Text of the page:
Table 1.
Odds ratio for PD according to tertile of risk score (95% C.I.)

Validation in an Independent Test Set.

The most rigorous test for the significance and predictive value of a risk marker is validation on independent test samples. We applied the microarray-based risk score to a test set of 39 samples, including 19 PD patients, five healthy individuals, and 15 disease controls with movement or memory disorders (Fig. 1b). There was a significant difference of scores in patients with PD versus healthy and disease controls (P = 0.047 by Wilcoxon test). High scores were significantly associated with increased PD risk (P for trend = 0.04). Individuals with scores in the third tertile (high score) had an odds ratio for PD of 5.1 (95% C.I. 1–27) (Table 1), and individuals with a score in the second tertile (intermediate score) had an odds ratio of 1.9 (95% C.I. 0.4–9.6). The ROC curve in the validation set (Fig. 1c, blue line) was highly consistent with the ROC curve for the cross-validated marker in the training set, thus confirming the risk prediction observed for different cutoffs. The average Hoehn and Yahr stage (2.1 ± 0.7) and disease duration (4.7 ± 3.6 years) in the validation set were lower (indicating an earlier disease state) than in the training set (2.4 ± 0.7 and 7.1 ± 4.9, respectively), but this did not reach statistical significance.

Overall, the risk marker predicted PD beyond the prediction afforded by the traditional risk factors of age and sex (P < 0.0001 by Wald χ2 test) and was not biased by dopamine replacement therapy (Fig. 1d and SI Text).

Functionally the eight marker genes (VDR, HIP2, CLTB, FPRL2, CA12, CEACAM4, ACRV1, and UTX) do not appear to represent a single biologic pathway or process, although all are known to be expressed in the human brain (25, 26). The products of two of the eight genes, namely vitamin D receptor gene (VDR) and huntingtin interacting protein 2 (HIP2), are of particular interest to PD pathobiology (2629). A polymorphism in the VDR gene is overrepresented in PD patients in Korea (29), and in rats the ligand vitamin D ameliorates 6-hydroxydopamine-induced toxicity (27). HIP2 encodes a neuronal ubiquitin-conjugating enzyme involved in the ubiquitinylation of huntingtin, mutated in the neurodegenerative disorder Huntington disease (26). Correspondingly, the ubiquitin–proteasome system is linked to monogenic forms of PD (5). CLTB is implicated in dopamine transporter endocytosis (28). The remaining five genes have no known role in PD pathogenesis and include FPRL2, related to the G protein-coupled receptor 1 family, CA12, or carbonic anhydrase XII; CEACAM4, a cell adhesion molecule; ACRV1, initially described in acrosomal vesicles; and UTX, an X-linked gene of unknown function.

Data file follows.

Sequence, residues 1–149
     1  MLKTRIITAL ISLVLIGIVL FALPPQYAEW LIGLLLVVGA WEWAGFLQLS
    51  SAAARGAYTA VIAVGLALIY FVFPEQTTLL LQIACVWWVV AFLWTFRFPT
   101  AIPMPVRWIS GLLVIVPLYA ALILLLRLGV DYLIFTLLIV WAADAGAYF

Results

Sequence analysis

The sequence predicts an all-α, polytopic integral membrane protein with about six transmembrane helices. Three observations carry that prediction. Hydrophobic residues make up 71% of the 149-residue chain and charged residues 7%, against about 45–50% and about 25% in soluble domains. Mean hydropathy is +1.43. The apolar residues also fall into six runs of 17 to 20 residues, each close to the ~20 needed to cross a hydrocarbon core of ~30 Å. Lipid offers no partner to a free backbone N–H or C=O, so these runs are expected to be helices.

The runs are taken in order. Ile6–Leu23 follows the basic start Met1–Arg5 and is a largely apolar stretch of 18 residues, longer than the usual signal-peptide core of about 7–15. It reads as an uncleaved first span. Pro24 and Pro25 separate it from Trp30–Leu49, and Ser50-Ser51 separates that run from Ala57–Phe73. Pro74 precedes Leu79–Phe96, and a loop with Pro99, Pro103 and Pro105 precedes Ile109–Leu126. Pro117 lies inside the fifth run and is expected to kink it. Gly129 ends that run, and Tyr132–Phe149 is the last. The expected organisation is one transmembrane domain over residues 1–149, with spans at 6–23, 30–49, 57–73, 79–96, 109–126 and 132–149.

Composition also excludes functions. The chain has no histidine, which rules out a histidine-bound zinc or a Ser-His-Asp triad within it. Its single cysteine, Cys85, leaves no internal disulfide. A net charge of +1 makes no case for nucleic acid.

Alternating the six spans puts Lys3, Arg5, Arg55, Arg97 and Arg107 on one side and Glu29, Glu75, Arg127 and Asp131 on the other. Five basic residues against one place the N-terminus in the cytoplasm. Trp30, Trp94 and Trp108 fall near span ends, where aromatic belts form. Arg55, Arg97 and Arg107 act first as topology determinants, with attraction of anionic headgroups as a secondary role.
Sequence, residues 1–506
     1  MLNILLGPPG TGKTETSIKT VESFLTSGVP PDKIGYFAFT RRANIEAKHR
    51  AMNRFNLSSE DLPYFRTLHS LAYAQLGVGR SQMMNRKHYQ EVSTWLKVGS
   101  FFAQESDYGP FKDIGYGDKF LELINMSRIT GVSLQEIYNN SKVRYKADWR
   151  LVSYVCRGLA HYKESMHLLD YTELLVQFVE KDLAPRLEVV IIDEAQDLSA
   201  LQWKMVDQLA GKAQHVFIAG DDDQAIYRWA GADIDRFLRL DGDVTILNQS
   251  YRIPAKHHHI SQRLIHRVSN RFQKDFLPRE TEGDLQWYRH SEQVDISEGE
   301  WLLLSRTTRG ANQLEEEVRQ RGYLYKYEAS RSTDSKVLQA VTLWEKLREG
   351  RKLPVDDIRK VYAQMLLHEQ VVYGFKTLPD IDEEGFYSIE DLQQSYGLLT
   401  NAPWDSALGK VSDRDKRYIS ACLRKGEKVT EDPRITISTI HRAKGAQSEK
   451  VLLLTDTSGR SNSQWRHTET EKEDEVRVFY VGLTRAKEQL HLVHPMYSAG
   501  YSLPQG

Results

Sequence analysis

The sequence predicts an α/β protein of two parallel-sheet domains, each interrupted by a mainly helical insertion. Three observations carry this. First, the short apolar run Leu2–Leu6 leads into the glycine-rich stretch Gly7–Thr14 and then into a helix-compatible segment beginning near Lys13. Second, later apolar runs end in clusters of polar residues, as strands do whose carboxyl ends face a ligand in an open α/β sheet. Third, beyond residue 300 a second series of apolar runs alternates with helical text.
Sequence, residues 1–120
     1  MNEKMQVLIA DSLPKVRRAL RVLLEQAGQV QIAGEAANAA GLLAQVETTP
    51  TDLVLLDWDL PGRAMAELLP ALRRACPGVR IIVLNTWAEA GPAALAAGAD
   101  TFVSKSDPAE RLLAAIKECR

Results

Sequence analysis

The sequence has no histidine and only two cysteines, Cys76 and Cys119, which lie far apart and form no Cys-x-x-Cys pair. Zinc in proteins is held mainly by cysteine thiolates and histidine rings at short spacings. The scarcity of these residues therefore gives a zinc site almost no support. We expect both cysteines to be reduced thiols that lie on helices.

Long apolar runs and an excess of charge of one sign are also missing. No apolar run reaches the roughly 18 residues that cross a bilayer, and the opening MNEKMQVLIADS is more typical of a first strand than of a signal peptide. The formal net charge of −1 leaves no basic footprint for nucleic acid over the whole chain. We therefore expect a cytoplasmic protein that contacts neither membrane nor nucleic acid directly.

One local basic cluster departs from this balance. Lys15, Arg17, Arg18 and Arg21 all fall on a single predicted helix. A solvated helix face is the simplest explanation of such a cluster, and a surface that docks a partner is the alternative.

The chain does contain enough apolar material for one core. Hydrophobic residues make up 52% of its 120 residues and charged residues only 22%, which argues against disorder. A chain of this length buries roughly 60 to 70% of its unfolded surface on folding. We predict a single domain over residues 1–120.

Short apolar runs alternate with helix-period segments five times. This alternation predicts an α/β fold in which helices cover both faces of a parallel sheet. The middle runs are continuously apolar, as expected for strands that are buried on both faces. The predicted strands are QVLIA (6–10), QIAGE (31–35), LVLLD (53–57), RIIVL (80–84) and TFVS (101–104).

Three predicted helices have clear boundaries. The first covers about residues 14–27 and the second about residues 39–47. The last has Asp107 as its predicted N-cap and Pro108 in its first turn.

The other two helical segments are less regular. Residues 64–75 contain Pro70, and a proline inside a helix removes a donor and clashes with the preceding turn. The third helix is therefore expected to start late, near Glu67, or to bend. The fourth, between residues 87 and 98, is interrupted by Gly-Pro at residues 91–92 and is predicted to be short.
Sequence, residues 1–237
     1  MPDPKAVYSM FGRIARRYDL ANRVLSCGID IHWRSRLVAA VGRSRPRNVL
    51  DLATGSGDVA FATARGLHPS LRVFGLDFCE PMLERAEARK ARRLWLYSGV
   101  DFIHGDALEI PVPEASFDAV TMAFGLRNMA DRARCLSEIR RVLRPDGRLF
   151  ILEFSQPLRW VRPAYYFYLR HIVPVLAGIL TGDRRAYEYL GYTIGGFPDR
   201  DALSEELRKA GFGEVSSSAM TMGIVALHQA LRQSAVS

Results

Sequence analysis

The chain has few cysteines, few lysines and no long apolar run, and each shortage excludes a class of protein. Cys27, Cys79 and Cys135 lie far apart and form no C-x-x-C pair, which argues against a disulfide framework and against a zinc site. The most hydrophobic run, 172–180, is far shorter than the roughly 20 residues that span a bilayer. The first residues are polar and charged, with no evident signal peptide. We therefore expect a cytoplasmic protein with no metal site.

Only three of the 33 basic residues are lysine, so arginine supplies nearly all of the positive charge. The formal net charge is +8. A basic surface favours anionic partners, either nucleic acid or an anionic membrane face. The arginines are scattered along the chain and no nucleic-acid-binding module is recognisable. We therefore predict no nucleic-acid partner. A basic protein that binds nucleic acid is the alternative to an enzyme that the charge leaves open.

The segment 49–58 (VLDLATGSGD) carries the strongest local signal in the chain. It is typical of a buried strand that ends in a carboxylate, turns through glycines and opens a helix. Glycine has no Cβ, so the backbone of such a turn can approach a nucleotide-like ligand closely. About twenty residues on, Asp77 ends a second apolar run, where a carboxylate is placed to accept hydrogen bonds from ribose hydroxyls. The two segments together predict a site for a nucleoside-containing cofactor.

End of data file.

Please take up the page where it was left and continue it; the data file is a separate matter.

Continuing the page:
Heat-Shock Protein 70-Interacting Protein ST13 and Biologic Insights into PD-Related Changes in Blood Cells.

The molecular marker was designed to detect clinically useful gene expression changes that specifically correlate with PD. Discovery of genes dysregulated in PD compared with healthy controls, however, regardless of their expression changes in other neurodegenerative diseases, might provide detailed biologic insights into the molecular pathology underlying PD-related changes in blood cells. Significance analysis of microarrays (30) identified 22 unique genes that were most differentially expressed in 31 PD patients (including five de novo PD patients) compared with healthy controls at a false discovery rate (FDR) of 0.03 (Fig. 2).

Fig. 2.
Heat-shock protein 70-interacting protein ST13 and biologic insights into PD-related changes in blood cells. Underexpression of ST13 in PD is confirmed by three distinct assays in two independent populations (ac). (a) Twenty-four probe sets, ...